Armenia sends aid after eastern Turkey earthquake
Published: Sunday October 23, 2011
Yerevan - The U.S. Geological Survey reported that the October 23 earthquake was centered to the east and northeast of Lake Van and measured 7.2 on Richter scale; as of October 29 official death toll surpassed 580 with more than 2,500 injured.
Buildings swayed in Yerevan, some 250 kilometers to the north, and people rushed outside, but no damage or injuries were reported in Armenia, where tremors measured between 3 and 5.
The earthquake was the strongest for Armenia's neighborhood since the 1999 quake near Izmit, Turkey that killed more than 17,000 and the 2003 earthquake centered on Bam, Iran that killed an estimated 30,000.
Aid declined, then dispatched
Hours after the tremor, Armenia offered to send rescuers to Van - which is only a short 40-minute flight from Yerevan - and the country's Crisis Management Center met to discuss preparedness of rescue units, the Public Radio reported.
In a message sharing "profound pain and sorrow" and condolences for the victims, Armenia's President Serge Sargsyan informed Turkish counterpart Abdullah Gul that "Armenia's specialized rescue division is put on alert to be able to reach the epicenter as soon as possible and start immediately its rescue operations," according to a message quoted by Mediamax news agency.
Offers of help also came from U.S. and other countries, but Turkish officials initially declined all foreign assistance, saying they had sufficient resources to deal with the crisis on their own.
But days later, Turkish officials acknowledged a shortage of tents and other needs and reversed its decision on declining foreign aid; Hurriyet Daily News also cited local residents as saying that there was also a shortage of rescuers.
Following formal Turkish agreement Armenia dispatched a transport plane with humanitarian aid, including tents, sleeping bags and other supplies on October 28.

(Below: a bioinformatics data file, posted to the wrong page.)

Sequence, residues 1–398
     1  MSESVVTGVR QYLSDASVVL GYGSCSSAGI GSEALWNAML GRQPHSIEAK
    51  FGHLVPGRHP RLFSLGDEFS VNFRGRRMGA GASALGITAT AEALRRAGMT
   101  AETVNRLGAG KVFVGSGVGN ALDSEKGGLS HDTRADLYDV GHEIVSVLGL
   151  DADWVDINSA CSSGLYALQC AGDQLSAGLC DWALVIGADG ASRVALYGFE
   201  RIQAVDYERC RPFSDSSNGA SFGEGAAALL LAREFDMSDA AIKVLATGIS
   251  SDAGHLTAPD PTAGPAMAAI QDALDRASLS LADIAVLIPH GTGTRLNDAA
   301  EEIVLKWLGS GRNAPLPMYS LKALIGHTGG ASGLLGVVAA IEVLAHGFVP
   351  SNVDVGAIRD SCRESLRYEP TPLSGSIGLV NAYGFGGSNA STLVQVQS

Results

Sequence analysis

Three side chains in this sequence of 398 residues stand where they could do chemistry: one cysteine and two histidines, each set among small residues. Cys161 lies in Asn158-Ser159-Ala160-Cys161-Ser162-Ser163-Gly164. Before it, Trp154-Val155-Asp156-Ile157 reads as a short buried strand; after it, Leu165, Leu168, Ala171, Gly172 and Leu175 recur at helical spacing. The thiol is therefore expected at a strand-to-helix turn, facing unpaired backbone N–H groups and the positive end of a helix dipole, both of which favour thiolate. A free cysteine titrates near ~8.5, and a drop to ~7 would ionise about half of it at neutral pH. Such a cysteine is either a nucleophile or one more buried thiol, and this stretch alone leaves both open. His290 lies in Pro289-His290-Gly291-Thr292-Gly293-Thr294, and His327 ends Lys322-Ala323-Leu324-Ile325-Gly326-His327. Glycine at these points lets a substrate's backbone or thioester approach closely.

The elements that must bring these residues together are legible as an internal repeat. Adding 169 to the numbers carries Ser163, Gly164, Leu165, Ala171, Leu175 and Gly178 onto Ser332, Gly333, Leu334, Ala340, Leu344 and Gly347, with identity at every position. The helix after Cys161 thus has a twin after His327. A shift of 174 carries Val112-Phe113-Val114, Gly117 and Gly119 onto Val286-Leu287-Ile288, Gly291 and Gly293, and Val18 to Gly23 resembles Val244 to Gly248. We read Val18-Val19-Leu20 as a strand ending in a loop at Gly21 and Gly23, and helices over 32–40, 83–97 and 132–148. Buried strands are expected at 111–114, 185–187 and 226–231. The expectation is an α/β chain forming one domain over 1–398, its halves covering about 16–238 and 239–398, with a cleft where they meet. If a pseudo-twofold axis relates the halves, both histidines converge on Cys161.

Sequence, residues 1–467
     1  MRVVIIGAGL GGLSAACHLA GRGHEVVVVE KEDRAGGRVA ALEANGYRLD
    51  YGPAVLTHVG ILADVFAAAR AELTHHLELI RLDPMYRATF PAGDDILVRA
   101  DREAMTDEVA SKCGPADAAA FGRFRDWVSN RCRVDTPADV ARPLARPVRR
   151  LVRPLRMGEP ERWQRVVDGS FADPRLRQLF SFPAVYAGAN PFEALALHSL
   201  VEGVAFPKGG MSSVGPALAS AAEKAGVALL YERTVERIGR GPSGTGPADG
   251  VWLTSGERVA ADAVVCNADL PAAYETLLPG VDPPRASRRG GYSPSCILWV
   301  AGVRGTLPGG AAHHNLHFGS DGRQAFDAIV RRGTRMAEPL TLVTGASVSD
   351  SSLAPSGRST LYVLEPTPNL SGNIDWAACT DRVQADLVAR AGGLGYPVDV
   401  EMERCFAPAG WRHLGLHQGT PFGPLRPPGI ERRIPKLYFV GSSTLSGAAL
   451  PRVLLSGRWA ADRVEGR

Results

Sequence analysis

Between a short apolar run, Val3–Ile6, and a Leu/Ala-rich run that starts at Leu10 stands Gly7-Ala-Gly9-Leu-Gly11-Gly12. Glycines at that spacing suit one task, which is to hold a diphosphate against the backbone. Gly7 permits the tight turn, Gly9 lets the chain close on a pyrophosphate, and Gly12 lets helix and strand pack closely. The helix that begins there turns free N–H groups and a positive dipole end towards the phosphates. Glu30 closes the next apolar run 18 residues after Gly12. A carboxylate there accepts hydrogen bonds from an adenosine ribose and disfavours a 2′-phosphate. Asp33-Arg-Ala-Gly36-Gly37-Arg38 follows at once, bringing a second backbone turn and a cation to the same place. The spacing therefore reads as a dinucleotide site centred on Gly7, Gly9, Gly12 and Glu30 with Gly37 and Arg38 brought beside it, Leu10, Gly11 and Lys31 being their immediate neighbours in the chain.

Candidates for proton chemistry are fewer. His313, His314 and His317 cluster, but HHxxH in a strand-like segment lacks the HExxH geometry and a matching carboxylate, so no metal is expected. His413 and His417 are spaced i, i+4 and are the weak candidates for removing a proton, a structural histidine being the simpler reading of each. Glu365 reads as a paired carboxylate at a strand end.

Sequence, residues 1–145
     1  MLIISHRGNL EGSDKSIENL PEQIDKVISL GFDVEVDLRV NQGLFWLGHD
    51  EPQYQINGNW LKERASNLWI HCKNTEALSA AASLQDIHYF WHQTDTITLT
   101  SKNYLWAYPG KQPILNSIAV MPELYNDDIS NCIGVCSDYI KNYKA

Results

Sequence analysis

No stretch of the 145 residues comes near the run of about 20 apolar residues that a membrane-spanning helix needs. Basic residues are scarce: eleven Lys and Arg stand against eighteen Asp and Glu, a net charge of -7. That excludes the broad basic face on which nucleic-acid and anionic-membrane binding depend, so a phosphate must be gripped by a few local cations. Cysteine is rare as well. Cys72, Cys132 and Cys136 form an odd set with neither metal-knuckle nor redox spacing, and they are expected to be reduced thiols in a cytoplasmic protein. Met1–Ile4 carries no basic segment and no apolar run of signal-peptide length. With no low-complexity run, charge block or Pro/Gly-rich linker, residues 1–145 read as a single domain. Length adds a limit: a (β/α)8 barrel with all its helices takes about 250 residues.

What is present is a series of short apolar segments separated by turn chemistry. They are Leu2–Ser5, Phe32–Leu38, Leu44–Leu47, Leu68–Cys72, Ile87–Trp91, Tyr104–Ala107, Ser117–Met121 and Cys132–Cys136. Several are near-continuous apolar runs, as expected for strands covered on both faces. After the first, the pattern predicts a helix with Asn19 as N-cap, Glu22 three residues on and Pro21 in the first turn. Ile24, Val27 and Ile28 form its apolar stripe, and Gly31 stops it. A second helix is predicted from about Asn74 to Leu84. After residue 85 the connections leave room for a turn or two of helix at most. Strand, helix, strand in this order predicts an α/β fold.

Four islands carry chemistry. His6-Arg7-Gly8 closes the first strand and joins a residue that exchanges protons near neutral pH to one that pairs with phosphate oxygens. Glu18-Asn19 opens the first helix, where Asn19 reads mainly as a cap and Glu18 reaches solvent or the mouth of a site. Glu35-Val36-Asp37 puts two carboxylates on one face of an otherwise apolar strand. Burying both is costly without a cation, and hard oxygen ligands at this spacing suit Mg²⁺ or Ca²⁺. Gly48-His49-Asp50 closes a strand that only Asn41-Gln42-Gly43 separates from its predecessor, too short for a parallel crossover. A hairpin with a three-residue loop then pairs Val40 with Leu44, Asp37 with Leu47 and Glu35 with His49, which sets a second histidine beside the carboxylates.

In Istanbul, the local Armenian community joined national efforts in collecting assistance for the victims, and in the United States the Armenian churches were encouraged to contribute to quake relief.
Armenian American visitors "unaffected"
A delegation from the Eastern Diocese of the Armenian Church of America led by Archbishop Khajag Barasamian was in Turkey last weekend for consecration of the recently restored Surb Giragos cathedral in Diyarbakir, some 370 kilometers west of Van.
Diyarbakir and Armenian visitors were "safe and were not affected in any way by the earthquake," the Diocese reported in a statement on October 23.
The Surb Giragos consecration drew nearly 2000 people and took place before the earthquake. The $2.5 million restoration was paid for through donations of Armenian communities in Istanbul and elsewhere in Diaspora, as well as the Diyarbakir city government.
But associated celebrations were already scaled back after intense deadly clashes between the Turkish military and Kurdish rebels earlier in the week, News.am reported.
The Diocese group had plans to visit Van but cancelled them following the earthquake and had instead returned to Istanbul.
News.am also cited Turkish Armenian newspaper Agos as reporting that the Surb Khach cathedral recently restored on the island of Akhtamar in Lake Van was not damaged by the quake.